forestland is in Lake County. I entered “Lake County California” in a Google search and the
county administration’s homepage headed the resulting list. A few clicks got me the planning
commission’s homepage. It offers agendas of the next meeting and the recent past ones, also
minutes of past meetings. Biographies, portraits, and e-mail addresses are given for most of the
commissioners. As for the role of this agency, and how to follow it, another page says,
The Planning Commission is the general advisory body to the Board of Supervisors with
regard to land use decisions and acts on those matters delegated to it by the Board of
Supervisors and state law. The Commission consists of five members appointed by the
Board of Supervisors for a two-year term.
The Commission usually meets on the second and fourth Thursday of each month. […]
Occasionally for special purposes, the Commission will schedule other meetings at
different times. The Planning Commission meetings are open to the public and agendas
are posted the week prior to the meetings. For specific information about the Planning
Commission meetings, call the Community Development Department at […], or you may
also review the upcoming agendas posted on this web site. You can also reach the
Planning Commission by mail at: […]
The home page for the Board of Supervisors gives similar information. The elected supervisors’
districts correspond to the appointed planning commissioners’ districts. This page says,
The County of Lake is a unit of the State of California. It is governed by a Board of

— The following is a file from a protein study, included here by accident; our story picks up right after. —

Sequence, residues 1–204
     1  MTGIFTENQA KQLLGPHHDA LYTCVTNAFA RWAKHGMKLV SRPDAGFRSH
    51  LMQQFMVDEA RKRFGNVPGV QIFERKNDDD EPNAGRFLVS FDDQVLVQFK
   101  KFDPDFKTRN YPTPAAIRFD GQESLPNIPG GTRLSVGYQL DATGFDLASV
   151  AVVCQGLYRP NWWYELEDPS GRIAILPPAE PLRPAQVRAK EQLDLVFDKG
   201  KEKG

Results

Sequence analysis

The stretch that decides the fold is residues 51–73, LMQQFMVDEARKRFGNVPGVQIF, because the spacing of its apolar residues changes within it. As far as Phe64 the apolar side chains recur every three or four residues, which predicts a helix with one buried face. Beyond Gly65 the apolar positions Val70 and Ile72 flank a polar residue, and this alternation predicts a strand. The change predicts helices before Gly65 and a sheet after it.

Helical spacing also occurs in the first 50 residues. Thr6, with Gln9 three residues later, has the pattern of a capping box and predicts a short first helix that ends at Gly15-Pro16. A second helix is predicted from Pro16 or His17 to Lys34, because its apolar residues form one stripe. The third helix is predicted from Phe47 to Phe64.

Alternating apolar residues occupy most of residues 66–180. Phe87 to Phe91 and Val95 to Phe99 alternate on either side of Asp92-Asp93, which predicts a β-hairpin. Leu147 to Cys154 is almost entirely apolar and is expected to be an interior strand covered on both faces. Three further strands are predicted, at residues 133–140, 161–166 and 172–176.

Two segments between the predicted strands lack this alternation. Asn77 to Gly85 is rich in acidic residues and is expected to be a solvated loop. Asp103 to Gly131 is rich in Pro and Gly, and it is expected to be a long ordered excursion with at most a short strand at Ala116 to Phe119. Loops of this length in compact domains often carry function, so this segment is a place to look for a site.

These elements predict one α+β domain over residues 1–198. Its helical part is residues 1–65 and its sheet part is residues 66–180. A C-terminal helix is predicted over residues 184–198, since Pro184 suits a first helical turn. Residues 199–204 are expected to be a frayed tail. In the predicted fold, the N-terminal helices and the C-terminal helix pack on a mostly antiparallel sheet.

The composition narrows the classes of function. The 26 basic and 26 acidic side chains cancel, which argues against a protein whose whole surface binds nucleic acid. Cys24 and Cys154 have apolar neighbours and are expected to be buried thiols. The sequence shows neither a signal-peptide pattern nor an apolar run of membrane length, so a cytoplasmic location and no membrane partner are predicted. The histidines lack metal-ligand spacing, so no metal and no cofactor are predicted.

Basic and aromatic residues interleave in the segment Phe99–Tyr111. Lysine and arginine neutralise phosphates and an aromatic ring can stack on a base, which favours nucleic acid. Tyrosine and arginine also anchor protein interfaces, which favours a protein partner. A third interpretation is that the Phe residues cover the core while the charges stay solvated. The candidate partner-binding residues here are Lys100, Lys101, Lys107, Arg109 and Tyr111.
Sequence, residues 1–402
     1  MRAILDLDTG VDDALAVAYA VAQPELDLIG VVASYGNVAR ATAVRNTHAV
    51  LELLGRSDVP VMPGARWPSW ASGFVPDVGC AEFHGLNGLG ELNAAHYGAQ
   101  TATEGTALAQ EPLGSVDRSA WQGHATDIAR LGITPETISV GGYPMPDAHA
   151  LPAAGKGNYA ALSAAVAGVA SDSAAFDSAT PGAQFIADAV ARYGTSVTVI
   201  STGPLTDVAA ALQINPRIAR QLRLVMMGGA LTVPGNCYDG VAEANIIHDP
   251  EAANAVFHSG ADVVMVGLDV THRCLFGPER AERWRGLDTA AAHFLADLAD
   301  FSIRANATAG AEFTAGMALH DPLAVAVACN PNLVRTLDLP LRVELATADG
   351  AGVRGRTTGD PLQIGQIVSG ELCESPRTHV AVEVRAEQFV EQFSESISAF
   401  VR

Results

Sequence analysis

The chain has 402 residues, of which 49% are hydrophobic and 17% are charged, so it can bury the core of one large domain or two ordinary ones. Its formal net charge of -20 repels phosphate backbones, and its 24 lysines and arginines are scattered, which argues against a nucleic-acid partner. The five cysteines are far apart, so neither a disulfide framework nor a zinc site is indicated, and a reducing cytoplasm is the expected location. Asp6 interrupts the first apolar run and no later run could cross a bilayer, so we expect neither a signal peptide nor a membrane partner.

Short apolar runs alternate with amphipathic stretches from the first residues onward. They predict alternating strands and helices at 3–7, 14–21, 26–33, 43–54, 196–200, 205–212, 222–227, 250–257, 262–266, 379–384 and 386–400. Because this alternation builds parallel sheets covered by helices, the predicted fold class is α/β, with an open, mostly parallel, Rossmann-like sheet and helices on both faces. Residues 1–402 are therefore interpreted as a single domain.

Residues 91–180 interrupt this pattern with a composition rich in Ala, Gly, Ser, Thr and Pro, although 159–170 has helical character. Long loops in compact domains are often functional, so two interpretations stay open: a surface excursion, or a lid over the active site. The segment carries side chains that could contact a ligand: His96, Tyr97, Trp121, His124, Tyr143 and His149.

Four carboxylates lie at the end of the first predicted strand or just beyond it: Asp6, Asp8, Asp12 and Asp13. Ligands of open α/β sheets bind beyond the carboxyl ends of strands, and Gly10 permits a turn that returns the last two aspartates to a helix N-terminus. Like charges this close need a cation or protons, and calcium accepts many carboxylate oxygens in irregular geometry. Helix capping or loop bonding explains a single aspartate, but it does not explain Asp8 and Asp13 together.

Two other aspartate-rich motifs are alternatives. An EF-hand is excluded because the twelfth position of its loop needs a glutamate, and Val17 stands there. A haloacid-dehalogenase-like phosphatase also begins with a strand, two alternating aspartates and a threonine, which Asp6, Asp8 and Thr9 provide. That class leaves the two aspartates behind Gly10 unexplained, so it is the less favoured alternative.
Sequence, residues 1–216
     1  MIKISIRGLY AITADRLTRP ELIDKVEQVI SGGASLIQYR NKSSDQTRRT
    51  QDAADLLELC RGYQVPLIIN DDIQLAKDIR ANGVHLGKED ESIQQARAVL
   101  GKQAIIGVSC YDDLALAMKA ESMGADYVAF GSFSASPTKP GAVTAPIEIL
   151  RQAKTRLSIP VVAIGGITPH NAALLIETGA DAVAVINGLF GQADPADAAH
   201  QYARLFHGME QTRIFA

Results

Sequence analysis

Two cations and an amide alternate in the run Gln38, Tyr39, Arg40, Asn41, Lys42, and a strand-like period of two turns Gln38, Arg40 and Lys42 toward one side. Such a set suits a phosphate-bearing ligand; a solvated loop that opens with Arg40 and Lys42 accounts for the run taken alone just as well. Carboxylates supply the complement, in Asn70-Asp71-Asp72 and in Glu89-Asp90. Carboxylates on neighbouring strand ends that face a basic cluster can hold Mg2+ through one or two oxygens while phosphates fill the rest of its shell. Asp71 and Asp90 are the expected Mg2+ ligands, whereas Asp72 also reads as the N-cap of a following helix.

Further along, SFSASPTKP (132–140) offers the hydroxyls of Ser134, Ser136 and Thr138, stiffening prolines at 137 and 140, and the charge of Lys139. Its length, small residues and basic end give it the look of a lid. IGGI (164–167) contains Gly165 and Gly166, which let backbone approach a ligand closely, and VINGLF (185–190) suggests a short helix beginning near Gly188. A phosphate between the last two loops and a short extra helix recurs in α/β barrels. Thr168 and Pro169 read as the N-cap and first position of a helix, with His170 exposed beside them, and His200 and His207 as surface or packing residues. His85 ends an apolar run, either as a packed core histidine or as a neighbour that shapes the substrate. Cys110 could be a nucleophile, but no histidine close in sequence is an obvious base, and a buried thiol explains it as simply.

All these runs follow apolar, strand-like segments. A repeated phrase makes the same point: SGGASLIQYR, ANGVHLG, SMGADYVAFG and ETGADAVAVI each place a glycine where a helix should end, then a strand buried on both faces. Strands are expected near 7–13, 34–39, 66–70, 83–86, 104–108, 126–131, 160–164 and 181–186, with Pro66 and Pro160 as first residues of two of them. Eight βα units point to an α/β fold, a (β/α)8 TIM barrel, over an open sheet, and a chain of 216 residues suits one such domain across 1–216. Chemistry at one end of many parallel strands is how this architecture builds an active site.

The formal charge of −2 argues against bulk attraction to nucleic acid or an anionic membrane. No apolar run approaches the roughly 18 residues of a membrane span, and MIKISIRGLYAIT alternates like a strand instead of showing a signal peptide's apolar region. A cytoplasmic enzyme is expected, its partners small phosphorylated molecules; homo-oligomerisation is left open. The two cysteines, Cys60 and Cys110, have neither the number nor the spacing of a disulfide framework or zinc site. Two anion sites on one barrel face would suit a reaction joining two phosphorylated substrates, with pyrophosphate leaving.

Supervisors consisting of five supervisors each elected for a four-year term of office. The
terms of office are staggered so that two are elected in one general election and three in
The Board usually meets the first, second, third, and fourth Tuesday of each month. […]
The Board meetings are open to the public and agendas are published the week prior to
the meetings. […] For specifics about Board meetings, call the office of the Board at
[…] or review the upcoming agendas posted on this web site. You can also reach the
Board of Supervisors by mail.
Major responsibilities of the Board of Supervisors include: […] Making important land
use decisions, […] Adopting County Ordinances, […] Supervisors also assist citizens in
solving problems and addressing local concerns.
We understand that all counties have similar practices. A FLC source with a career in local
government. planning adds that planning commissioners act as a sounding board for the
Board of Supervisors and are given authority to hear all planning department matters that
impact the public. They approve various non-controversial issues for public applicants.
However, if anything that comes up that is controversial, an aggrieved party may request